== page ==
St Bride's: A Point Of View

God moves in a mysterious way

Matthew 14: 22-33

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22 And straightway Jesus constrained his disciples to get into a ship, and to go before him unto the other side, while he sent the multitudes away.

23 And when he had sent the multitudes away, he went up into a mountain apart to pray: and when the evening was come, he was there alone.

24 But the ship was now in the midst of the sea, tossed with waves: for the wind was contrary.

25 And in the fourth watch of the night Jesus went unto them, walking on the sea.

26 And when the disciples saw him walking on the sea, they were troubled, saying, It is a spirit; and they cried out for fear.

27 But straightway Jesus spake unto them, saying, Be of good cheer; it is I; be not afraid.

28 And Peter answered him and said, Lord, if it be thou, bid me come unto thee on the water.

29 And he said, Come. And when Peter was come down out of the ship, he walked on the water, to go to Jesus.

30 But when he saw the wind boisterous, he was afraid; and beginning to sink, he cried, saying, Lord, save me.

31 And immediately Jesus stretched forth his hand, and caught him, and said unto him, O thou of little faith, wherefore didst thou doubt?

32 And when they were come into the ship, the wind ceased.

33 Then they that were in the ship came and worshipped him, saying, Of a truth thou art the Son of God.

God moves in a mysterious way

William Cowper by Lemuel Francis Abbott

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If I asked you what you knew about the town of Olney in north Buckinghamshire, you might have heard of it because of the pancake race held there each year on Shrove Tuesday. But it is also notable for two men who lived there in the 18th century - John Newton, reformed slave-trader, hymn writer and Vicar of Olney, and William Cowper, his lay-reader, also a poet and hymn writer. He wrote some of our best loved hymns, including the one we have just sung 'God moves in a mysterious way.'

Cowper tragically suffered from fits of depression and spells when he was insane and suicidal. It was in one of these times of darkness that he wrote this hymn, and it speaks of finding God in dark and difficult times. God's ways, says the poet, are not our ways and in the end God is mystery: nevertheless, this we can know and trust, that God is love, his purposes are loving, and that love has been revealed to us in Jesus Christ.

God moves in a mysterious way
His wonders to perform;
He plants his footsteps in the sea,
And rides upon the storm.

These words echo very directly, the incident we have heard in the Gospel reading, the account of the stilling of the storm, Jesus went off to pray and his disciples embarked on the Sea of Galilee. A storm blew and they became afraid as they struggled to control the boat. Suddenly Jesus appears walking on the water, and they cry out in terror. Peter impulsively asks Jesus if he can walk to him; he tries and as he begins to sink he is pulled to safety. As the wind dropped and the storm abated the disciples declare that Jesus must be the Son of God. Cowper comments in his hymn:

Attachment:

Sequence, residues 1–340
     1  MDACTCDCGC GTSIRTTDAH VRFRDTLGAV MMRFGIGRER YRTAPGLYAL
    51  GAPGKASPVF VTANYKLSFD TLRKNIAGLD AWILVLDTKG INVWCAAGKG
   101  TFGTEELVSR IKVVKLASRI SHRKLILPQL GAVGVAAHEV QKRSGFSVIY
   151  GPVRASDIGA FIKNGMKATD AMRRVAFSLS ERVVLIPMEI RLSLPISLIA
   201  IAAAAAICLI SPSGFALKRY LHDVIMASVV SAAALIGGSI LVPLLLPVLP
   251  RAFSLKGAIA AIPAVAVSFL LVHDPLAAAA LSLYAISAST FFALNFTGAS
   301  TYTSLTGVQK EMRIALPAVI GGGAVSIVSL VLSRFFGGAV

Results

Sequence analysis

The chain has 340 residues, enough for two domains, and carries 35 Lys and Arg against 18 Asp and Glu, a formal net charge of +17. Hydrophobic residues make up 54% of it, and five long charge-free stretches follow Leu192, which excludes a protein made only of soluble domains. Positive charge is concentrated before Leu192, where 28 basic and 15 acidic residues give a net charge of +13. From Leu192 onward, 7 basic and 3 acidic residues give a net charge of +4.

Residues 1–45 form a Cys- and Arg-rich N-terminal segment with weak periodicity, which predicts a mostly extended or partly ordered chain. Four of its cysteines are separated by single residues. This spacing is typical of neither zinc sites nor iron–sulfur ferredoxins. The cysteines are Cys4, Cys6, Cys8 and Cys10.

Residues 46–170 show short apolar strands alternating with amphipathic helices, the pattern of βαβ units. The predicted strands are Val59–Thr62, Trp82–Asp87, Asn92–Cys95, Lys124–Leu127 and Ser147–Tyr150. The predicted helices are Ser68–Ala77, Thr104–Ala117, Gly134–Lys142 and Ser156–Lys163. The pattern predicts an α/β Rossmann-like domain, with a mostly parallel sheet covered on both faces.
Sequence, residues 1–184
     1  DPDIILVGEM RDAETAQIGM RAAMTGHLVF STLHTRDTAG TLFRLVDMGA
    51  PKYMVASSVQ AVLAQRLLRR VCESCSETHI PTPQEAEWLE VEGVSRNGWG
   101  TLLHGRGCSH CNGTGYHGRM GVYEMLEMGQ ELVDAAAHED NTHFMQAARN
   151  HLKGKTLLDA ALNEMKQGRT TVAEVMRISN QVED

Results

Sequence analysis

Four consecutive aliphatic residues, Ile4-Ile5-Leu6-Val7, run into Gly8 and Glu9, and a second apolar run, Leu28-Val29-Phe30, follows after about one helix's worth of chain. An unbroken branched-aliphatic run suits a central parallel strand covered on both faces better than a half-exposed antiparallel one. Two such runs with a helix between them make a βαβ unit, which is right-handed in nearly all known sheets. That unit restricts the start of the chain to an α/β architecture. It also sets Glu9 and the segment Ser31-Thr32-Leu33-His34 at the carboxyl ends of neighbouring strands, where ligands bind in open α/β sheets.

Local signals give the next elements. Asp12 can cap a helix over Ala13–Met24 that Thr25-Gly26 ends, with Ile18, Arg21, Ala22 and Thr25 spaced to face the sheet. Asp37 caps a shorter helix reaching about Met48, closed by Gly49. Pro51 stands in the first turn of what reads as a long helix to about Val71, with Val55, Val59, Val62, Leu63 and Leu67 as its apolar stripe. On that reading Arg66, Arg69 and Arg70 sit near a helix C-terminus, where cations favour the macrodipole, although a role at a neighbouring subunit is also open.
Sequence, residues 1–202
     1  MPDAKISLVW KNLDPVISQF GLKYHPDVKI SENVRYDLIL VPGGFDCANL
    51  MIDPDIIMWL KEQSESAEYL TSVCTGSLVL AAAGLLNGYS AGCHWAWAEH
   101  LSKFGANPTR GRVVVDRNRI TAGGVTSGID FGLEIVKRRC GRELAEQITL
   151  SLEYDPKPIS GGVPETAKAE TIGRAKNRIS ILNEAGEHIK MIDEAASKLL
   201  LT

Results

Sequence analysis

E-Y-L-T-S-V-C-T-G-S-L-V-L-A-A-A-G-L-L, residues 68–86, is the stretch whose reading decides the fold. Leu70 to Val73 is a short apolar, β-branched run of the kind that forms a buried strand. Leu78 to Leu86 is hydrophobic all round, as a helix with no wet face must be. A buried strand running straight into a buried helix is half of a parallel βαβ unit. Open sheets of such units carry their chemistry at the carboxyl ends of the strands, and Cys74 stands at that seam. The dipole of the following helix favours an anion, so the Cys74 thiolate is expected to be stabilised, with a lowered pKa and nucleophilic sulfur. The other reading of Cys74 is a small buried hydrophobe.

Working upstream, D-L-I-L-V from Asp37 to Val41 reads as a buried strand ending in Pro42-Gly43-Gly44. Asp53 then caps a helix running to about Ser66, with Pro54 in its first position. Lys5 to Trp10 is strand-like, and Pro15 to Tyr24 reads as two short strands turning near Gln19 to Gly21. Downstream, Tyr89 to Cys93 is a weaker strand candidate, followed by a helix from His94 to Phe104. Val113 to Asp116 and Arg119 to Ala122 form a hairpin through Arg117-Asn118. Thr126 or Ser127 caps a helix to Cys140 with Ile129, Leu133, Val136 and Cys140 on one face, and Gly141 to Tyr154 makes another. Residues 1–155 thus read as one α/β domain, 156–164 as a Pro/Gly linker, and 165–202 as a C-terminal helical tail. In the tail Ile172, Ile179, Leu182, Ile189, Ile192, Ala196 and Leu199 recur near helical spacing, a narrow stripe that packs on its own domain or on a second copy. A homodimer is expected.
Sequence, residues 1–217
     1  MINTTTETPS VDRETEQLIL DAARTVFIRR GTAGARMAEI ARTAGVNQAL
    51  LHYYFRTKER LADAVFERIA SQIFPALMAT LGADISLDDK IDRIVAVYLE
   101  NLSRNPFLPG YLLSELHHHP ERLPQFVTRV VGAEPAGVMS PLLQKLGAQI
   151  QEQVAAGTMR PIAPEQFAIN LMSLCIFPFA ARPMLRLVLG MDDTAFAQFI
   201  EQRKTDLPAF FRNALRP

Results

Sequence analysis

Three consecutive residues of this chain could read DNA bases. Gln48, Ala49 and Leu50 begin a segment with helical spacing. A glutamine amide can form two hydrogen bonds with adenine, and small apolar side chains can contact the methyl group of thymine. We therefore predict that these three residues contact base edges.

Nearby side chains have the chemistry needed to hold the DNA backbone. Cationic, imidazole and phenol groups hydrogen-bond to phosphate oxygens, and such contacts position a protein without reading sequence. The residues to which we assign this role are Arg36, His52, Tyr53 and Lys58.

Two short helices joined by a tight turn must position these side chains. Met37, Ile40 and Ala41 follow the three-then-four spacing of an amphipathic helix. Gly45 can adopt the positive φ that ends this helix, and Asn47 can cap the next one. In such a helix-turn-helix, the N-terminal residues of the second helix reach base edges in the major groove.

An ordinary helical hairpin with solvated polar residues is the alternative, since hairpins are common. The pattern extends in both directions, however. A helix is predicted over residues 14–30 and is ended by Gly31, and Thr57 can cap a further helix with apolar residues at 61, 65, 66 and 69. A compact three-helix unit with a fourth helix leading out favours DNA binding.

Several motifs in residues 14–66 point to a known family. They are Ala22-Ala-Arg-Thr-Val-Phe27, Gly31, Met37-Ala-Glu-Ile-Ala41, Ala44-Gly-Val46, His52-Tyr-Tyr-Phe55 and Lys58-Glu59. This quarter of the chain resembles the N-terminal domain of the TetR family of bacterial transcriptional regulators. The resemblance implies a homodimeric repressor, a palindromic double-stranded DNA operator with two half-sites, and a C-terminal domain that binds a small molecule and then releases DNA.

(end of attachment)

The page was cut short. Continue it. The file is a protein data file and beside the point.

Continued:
You fearful saints, fresh courage take
The clouds you so much dread
Are big with mercy, and shall break
In blessings on your head.

The Biblical scholar William Barclay, in his commentary on this passage, spends some time trying to explain how this miracle could have happened naturally, but he concludes that whatever you think really happened, the story isn't just about what Jesus did once in a storm on a lake in a far away country: it symbolises what He does always, at all times, for us when we are in danger of being overwhelmed by life's storms. If we listen we too can hear Jesus say: 'Take heart. It is I. Do not be afraid.' At certain times in our lives we all need to hear those words.

William Cowper certainly needed to hear those words. He was a hesitant Christian, never sure of his salvation. He couldn't remember having a conversion experience: he lived a sheltered life, he didn't have social gifts, he was hesitant in his faith and in his life, troubled by bouts of very severe depression. But even though, for him God was often hidden and mysterious, God was always there and full of grace. Cowper would, I'm sure, have agreed with those words spoken by King George VI in his Christmas message of 1939:

I said to the man who stood at the gate of the year:
'Give me a light that I may tread safely into the unknown.'
And he replied: 'Go out into the darkness and put your hand into the hand of God:
That shall be better than a light, and safer than the known way.'
Better and safer to put your trust in a God who, while he is mysterious and hidden, in so many ways, yet comes to us in the storms of our lives and says 'It is I: do not be afraid.'

I have found that to be true in my life, and certainly in the lives of many people I have known. As I leave full-time parish ministry and step into the relative unknown of retirement, leaving so much that is dear, and starting life again in a new place, I place my hand afresh into the hand of God. And, as you look ahead to a new chapter in the life of this church and the arrival of a new incumbent, yo too can trust God's promises that he will lead you forward. And for all of us, in all the circumstances of our lives, we all can learn to trust God for his grace, and like Peter reach out and go on in faith. William Cowper speaks to us all

You fearful saints, fresh courage take:
The clouds you so much dread
Are big with mercy, and shall break
In blessing on your head.

Amen.

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